Since pop culture has emasculated the male experience for so many decades, there aren't a ton of manly voices in the public domain. It's a depressingly Coldplay world -- no offense to Coldplay.
That's why male and female consumers have gravitated toward male leads on the TV shows "Mad Men," "Californication" and even "30 Rock." Those are men's men who make man sounds. They can wear suits. They can punch you in the face if you mess with their women.
In the music industry, it's primarily hip-hop guys who vocalize in deep, male tones. Look at Lil Jon and Jay-Z. They exude genuine confidence -- like men who do manly things with manly concerns in manly ways.
Here in Vegas, Lil Jon is now regularly bringing his masculine vocals to the DJ mic at Surrender. He spins once a month at the Encore nightclub, and returns this Wednesday.
When I tell him my theory that his voice resonates for being manly, he says he's never thought about it that way.
"I don't know what it is about my voice, but it makes people just want to get wasted and party," he says.
Lil Jon is not wrong about that. He is the king of the interjection, punctuating hit songs with a trademark gruff "OK," "Yeah!" and "Shots-shots, shots-shots-shots-shots!"
In fact, through most of 2010, whenever I've gone on the Vegas Strip with a certain female friend, we have inevitably looked at each other early in the night and chanted Lil Jon's clarion call, "shots-shots-shots" from his collaboration with the band LMFAO.
Lil Jon laughs when I tell him that.
"It's amazing that has become part of culture now. When people want to go get drunk, or somebody says, 'Let's get a shot,' they immediately sing that song. I think that's truly amazing.
"That song is gonna last for (expletive) ever. It captured a moment. Whenever you can capture a moment, your song won't die. That's another one I can put on my list."
Lil Jon conceived and recorded his "Shots" chorus in mere minutes, after LMFAO e-mailed him the demo and asked if he would like to punctuate it.
"LMFAO had done their part. It was a song, but it wasn't what it is. The first time I heard it, I was like, 'Oh my God, this is a (expletive) smash.' I just laid my parts in 20 minutes and sent it back, and they were like, 'Oh (expletive).' "
It may seem odd to you that Lil Jon can create an iconic soundbite so quickly. But he's talented, obviously. And he's accustomed to collaborating.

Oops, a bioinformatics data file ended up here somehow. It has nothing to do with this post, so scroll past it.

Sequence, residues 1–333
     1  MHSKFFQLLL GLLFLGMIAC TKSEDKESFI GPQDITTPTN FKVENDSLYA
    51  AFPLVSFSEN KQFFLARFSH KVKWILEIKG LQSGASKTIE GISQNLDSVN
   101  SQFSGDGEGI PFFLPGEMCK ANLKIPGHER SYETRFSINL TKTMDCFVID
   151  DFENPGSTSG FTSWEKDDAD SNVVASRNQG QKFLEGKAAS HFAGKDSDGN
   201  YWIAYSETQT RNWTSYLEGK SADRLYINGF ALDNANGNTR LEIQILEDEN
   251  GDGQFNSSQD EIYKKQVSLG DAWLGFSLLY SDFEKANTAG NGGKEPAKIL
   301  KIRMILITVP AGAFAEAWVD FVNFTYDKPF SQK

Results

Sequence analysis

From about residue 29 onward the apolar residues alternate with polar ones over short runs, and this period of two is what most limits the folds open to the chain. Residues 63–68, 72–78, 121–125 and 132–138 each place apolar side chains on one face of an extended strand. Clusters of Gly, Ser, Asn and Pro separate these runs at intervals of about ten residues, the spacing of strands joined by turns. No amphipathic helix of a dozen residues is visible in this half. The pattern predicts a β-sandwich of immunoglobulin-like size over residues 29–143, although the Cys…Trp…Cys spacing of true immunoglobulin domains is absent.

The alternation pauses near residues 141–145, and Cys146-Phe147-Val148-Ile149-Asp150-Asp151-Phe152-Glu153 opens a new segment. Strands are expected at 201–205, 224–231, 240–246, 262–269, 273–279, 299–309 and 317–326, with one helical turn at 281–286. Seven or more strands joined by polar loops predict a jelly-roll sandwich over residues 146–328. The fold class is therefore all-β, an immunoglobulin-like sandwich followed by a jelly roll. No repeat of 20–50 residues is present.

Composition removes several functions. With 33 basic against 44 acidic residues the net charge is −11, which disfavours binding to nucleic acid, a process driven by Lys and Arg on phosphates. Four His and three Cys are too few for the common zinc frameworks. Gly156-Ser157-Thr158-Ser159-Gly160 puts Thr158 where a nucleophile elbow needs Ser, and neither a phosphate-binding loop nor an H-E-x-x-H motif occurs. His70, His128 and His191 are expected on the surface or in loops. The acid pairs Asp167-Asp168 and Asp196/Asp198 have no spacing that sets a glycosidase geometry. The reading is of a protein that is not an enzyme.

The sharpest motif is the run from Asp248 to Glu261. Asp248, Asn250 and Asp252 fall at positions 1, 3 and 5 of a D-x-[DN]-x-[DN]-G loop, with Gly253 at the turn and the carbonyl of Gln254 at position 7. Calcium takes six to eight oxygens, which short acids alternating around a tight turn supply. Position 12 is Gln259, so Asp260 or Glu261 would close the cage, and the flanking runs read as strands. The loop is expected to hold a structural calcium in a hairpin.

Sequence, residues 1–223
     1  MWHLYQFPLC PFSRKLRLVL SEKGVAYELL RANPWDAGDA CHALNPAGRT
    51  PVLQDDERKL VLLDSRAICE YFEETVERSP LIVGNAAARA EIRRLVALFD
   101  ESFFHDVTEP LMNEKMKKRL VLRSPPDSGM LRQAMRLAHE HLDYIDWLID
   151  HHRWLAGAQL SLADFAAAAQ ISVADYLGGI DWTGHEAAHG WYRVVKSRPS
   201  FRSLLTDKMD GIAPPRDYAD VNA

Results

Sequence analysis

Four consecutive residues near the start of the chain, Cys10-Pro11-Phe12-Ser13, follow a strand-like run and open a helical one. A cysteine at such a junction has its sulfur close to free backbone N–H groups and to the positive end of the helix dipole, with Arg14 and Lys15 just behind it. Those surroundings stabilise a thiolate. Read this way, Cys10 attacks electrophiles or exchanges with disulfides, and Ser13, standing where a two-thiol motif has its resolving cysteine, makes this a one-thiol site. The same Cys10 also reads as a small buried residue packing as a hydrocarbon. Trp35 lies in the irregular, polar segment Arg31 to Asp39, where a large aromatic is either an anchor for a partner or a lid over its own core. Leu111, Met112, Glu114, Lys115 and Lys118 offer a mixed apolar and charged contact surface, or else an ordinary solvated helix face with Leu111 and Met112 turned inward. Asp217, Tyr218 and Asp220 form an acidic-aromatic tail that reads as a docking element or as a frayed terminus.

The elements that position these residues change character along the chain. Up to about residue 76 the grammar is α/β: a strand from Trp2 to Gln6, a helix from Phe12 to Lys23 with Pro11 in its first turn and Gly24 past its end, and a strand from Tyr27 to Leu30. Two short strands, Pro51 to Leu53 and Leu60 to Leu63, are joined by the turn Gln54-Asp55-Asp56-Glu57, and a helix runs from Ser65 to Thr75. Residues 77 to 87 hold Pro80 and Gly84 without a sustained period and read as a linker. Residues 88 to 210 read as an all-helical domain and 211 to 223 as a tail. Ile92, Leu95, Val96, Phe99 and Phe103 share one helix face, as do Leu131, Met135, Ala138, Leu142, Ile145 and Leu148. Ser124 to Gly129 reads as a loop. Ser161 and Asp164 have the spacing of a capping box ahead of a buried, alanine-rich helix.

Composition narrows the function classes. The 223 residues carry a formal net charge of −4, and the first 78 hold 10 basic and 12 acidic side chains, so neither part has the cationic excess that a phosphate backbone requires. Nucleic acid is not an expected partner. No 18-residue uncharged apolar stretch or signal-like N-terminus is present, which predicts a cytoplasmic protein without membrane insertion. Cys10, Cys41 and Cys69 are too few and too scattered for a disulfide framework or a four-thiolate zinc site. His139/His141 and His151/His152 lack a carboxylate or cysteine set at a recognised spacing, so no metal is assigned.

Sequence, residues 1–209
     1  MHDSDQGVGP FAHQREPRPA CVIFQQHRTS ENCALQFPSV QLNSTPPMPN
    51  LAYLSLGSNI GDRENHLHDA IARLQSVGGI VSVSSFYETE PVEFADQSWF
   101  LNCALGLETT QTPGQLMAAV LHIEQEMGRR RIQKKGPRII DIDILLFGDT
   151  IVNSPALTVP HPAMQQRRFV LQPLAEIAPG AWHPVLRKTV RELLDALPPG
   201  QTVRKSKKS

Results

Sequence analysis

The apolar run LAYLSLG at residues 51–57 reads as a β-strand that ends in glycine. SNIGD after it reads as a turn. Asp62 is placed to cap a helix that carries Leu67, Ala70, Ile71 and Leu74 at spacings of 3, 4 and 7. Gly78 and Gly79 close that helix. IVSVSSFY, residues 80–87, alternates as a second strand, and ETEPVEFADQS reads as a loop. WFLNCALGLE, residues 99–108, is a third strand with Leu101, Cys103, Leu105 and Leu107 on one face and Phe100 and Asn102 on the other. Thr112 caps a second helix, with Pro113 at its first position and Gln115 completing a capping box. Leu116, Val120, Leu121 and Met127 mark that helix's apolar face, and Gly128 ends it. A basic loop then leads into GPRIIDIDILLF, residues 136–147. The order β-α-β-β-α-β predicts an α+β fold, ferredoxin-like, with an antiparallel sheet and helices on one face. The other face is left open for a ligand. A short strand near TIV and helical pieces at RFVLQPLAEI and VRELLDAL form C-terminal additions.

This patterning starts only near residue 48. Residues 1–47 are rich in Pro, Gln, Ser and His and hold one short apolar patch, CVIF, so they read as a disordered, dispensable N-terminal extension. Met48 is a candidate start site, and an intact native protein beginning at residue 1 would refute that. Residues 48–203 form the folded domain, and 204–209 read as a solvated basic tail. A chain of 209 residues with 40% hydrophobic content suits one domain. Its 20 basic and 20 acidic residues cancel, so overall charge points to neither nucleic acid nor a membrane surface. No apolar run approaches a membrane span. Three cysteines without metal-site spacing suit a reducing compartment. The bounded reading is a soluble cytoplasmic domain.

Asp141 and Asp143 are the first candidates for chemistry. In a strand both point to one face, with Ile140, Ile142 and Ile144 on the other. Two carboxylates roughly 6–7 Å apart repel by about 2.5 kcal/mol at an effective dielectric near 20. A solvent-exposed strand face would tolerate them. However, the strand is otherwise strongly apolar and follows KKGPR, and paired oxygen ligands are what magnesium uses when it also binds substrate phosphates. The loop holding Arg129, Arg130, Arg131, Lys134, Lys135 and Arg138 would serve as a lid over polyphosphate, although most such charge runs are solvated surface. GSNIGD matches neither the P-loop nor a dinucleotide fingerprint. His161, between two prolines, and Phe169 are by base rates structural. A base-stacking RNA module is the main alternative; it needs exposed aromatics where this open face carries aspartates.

"Me and Pitbull started dabbling in that world years before other artists did. When we had the 'Anthem' (a club staple), that was four or five years ago! That was before all the commercial artists and the hip-hop artists started collaborating with dance and house producers. We were way ahead of the game."
Lil Jon says he's got one overriding factor in his favor.
"I just like good music. I like to make people dance and party. It don't matter what tempo it is," he says.
And he can mix it up.
"I've never been the one to be put in a box. I did 'Tell Me When To Go' for E-40. I did 'Blow the Whistle' for Too Short. And then I can go do Southern rap records. And then I can go do 'Yeah.' And then I can go do 'Turbulence' with Steve Aoki. And then I can do 'Out of My Mind' and 'Shots' with LMFAO. You can't just put me in a box."
He explains to me that he's been familiar with multiple genres since he was young.
"I was a punk-rock kid. Then I went through New Wave, where I was into Depeche Mode and all that, and then hardcore (expletive)."
And he's been DJing for years.
"Right before they (other DJs) were starting to get to acid, that's when I was into house. I've been into different phases. I'm a DJ. When you're a DJ, you love all different types of music."
Now, DJs spin Lil Jon's voice because, as he puts it, "I'm one of the world-renowned party guys." But when Lil Jon does his own spinning from the DJ booth, he can make crowds go even crazier -- because the real Lil Jon is in front of them.
He's been spinning on and off in Vegas for years, at Hard Rock's Rehab and Vanity, at Planet Hollywood's defunct Prive, and lately Surrender, which asked him to do this DJ residency.
"The best thing about Vegas is, you've got people from all over the world coming to party. Nobody's gonna just be standing around and (expletive).
"And if you're a really good DJ, you can really make people lose their (expletive) minds."
That's right, man.
Doug Elfman's column appears Sundays, Mondays, Tuesdays and Fridays. E-mail him at firstname.lastname@example.org. He blogs at reviewjournal.com/elfman.